Bud Light has an ABV of 4.2%, considerably less than Budweiser. Its lower alcohol level makes Bud Light a popular beer, as you could enjoy a Bud Light with dinner and still drive home.


As far as looks go, these beers look very similar. 

Pouring these beers into a glass, you’ll see a pale golden straw color, topped with a thin white head that quickly dissipates.

Bud Light looks like sparkling water, with tiny, fizzy bubbles rather than a frothy or foamy head. Overall, if you were to compare glasses of Budweiser and Bud Light side by side, you’d be hard-pressed to tell the difference by sight alone.

Budweiser and Bud Light are marketed as regular, middle-of-the-road American beers, which is clearly tangible in the packaging. 

What Do Other People Think About Both Beers?

Budweiser brews beer for the American people. These are everyday, regular beers for everyday, regular people. With that in mind, we’ve looked at the court of public opinion to determine whether people prefer Budweiser or Bud Light. Ratings are on a scale from 1 – 5.

PlatformBud LightBudweiser
Average Score3.313.37

As you can see, these scores are remarkably close. While most reviewers gave Budweiser a slight edge across the board, Drizly drinkers preferred Bud Light strongly, giving it an almost perfect score of 9.4.

Budweiser enjoys a slightly higher average score of 3.37, so it can be said that there is a slight preference for Budweiser over Bud Light. Overall, however, the two seem almost even.

One Beeradvocate reviewer had this to say about Bud Light:

‘I decided to pick up a can at the LCBO in Ontario 473ml at 4% in Canada brewed by Labbats brewery.

anyways this bud light poured into glass with 1 finger head clear golden color good carbonation.. smooth easy drinking beer and very refreshing.’


Brewing Process & Ingredients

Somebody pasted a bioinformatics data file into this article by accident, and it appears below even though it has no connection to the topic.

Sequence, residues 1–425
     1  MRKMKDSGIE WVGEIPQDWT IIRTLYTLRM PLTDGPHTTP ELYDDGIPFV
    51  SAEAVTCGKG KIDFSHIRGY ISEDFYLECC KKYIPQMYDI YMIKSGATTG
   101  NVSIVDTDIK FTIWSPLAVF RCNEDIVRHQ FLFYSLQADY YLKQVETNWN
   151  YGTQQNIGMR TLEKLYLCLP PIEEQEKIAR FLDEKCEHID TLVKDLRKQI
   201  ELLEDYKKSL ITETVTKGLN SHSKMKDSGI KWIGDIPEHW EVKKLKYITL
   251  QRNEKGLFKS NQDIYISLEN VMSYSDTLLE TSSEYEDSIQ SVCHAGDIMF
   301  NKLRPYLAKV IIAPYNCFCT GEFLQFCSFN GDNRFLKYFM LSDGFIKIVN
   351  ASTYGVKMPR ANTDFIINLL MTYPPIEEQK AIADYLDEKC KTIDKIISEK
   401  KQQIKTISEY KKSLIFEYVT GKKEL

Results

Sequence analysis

Budweiser and Bud Light are bottom-fermented, and the yeast used in the brewing process sinks to the bottom instead of rising to the top. We’ve actually already taken a very closely detailed look at Budweiser’s brewing process here, but we’ll revisit the key points below.

Budweiser is brewed by combining 30% four-row barley malt and 40% six-row malt with 30% rice and purified water.

Budweiser’s choice of hops are Hallertau, Saaz, and Tettnanger varieties. They also use about 30% European hops and high-alpha and non-Germanic types such as Willamette.

This is consistent with Budweiser’s origins in the German brewing world. The name Budweiser comes from the region of Budweis, Bohemia (now in the Czech Republic) since the thirteenth century! Adoplhus Busch, born in Germany, developed their “Bohemian-style” lager in the USA after a trip to Bohemia. 

Budweiser is brewed over the course of seven discrete steps:

  • Milling
  • Mashing
  • Straining
  • Brew kettle
  • Primary fermentation
  • Beechwood lagering
  • Finishing

Budweiser is lagered with beechwood chips in the lagering vessel, although these are boiled before inclusion, so they don’t add any flavor to the final product.

With its lower alcohol content and lower calories and carbs, Bud Light uses fewer sugars during brewing. Budweiser also made much of their refusal to use corn syrup in brewing Bud Light.

Overall, the ingredients used in these beers are similar, if not identical. The significant difference is in the ratios used to produce the beer.

Brand Image

Budweiser enjoys a reliable reputation as the All-American beer for the average American. Although the last decade has seen a boom in craft brewing in the US, Budweiser doubled down on its branding, refusing to kowtow to the trends. 

Everything about Budweiser, from the brand’s vaguely Germanic name to the iconic red-and-white packaging, is aimed squarely at the average American drinker. Its parent company, Annheuser-Busch, is one of the biggest brewing companies in the United States. 

Bud Light was first introduced to the market in the 1980s, following trends that saw Americans become more health-conscious. Its lower calorie and carb count positioned Bud Light as a relatively healthy alternative to Budweiser.

Outside of the United States, Budweiser endured some branding issues. In Europe, Budweiser is sold universally as “Bud” to avoid confusion with either the Budweiss area or another European bohemian-style beer called Budweiser. 

Budweiser has a strong brand image in the USA and abroad as a quintessentially American beer.

Bud vs Bud Light

Because these beers are similar, it’s hard to argue a case to drink one over the other. Overall, we’d recommend Bud Light to anyone who enjoys an all-American lager but is looking to reduce their calories and carbs.